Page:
Do you remember Aurora Labs? Yes? No? Well, I had to look them up and found we had last written about the company more than two years ago.
The company at that time had launched a crowdfunding campaign to raise funds for the construction of a powerful sintering machine capable of 3D printing in metal, plastic and ceramics. Unfortunately, the campaign was shut down in October of 2014.
We’re now told the company has shipped its first production S-Titanium Pro 3D metal printer.
What happened in between? In an inspection of their rather extensive documentation (likely present because they are one of the rare publicly-traded 3D printer manufacturing companies), it appears they’ve gone through a long series of challenges, fundraising, corporate reorganization, executive changes and much more. It seems that although they were cash-strapped in the early days after their original launch in 2014, the company transformed from a private to public operation and with that was able to raise a fairly large chunk of cash to continue operations.
Recently they’ve been negotiating with Australian mining companies in an effort to develop an ability to 3D print parts at mine sites, which I believe could be a very challenging proposition.
According to their website, the company offers two models: the S-Titanium and S-Titanium Pro 3D metal printers, each optimized for printing titanium powder. The difference between the two is build volume (150 × 150 × 500mm vs 200 × 200 × 500mm) and laser power (200W vs 300W). They’re priced at USD$40K and USD$43K, respectively.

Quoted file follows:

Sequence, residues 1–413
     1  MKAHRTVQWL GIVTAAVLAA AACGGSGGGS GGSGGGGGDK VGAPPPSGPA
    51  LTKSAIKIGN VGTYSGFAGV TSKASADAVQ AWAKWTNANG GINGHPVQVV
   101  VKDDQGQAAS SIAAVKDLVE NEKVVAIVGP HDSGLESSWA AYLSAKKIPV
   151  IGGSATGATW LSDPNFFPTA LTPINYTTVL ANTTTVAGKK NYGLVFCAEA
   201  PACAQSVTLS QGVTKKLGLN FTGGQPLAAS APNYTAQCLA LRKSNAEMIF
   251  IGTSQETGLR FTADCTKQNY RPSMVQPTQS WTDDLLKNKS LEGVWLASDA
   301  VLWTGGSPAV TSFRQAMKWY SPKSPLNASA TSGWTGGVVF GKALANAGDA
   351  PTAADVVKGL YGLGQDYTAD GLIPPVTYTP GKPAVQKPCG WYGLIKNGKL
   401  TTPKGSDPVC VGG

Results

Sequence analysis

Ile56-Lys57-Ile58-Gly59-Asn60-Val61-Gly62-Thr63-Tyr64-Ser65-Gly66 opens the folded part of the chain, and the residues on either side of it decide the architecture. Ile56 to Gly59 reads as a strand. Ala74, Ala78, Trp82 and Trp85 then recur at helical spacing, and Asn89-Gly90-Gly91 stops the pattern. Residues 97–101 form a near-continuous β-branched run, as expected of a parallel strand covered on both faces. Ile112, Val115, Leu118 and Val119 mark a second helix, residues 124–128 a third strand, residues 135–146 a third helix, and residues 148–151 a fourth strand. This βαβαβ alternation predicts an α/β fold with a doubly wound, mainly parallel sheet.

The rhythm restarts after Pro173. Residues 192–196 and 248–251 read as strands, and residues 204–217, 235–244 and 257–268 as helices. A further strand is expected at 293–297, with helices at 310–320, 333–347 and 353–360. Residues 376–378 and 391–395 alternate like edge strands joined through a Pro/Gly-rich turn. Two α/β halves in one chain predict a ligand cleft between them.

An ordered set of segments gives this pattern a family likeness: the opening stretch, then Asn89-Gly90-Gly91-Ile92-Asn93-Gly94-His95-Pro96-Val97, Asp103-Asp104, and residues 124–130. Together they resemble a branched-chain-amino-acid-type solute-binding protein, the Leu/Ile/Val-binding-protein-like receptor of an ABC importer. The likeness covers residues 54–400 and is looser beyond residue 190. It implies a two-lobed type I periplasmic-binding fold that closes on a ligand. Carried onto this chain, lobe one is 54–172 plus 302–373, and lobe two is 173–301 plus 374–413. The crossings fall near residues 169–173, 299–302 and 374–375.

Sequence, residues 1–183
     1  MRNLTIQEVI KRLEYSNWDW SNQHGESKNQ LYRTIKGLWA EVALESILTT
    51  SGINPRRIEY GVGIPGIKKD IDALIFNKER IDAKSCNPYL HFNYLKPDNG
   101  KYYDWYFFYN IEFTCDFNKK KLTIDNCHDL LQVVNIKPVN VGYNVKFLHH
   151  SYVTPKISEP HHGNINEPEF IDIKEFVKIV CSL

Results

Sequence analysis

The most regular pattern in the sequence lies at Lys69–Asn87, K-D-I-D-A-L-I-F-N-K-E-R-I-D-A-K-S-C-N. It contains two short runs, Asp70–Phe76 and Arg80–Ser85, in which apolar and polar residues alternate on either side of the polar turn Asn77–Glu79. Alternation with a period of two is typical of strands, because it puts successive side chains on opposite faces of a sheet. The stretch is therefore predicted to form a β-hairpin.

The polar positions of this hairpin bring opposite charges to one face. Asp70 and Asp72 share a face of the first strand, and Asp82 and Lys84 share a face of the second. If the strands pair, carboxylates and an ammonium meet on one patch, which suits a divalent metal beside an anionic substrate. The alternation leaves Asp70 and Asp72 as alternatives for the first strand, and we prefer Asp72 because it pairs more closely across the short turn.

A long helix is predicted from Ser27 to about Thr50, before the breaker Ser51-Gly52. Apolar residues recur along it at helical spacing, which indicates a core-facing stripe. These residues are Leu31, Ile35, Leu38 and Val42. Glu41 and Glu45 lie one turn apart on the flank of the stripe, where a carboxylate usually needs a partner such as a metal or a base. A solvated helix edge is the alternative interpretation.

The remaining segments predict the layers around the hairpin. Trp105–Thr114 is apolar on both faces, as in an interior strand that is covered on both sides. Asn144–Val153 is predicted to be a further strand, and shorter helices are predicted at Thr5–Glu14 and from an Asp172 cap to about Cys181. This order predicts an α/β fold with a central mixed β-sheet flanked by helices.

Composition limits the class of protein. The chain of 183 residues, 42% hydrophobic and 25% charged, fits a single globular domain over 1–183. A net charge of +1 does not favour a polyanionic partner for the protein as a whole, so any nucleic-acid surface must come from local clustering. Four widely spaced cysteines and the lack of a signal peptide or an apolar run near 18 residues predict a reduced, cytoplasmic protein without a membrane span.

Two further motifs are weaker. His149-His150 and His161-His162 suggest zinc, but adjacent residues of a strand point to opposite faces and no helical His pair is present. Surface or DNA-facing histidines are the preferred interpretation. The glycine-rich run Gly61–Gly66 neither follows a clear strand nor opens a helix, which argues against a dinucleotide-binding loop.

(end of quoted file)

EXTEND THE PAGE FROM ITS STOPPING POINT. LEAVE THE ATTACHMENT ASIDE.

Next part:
The company does indicate there are powders other than titanium available for the machines, including:
Stainless Steel 316, Stainless Steel 420, Inconel 625, Inconel 718, Hastelloy C276, Stellite 1, Stellite 6, Stellite 21, NiBSi + WC60%, Iron
and coming soon:
Titanium Grade 1, Titanium Grade 2, Titanium Grade 4, Titanium Grade 6, Titanium Grade 12, Bronze, Brass, Gold, Silver, Aluminium AlSi7Mg, Aluminium AlSi10Mg
Today we see a post from them indicating they’ve shipped their first Pro model to an unnamed client. Here’s an image of them preparing the machine for shipment.
That’s good news, but the company will have to sell a number of units to make a go of it. And it’s quite possible they may, given the substantial and growing interest in metal 3D printing operations by industry in recent months.
Via Aurora Labs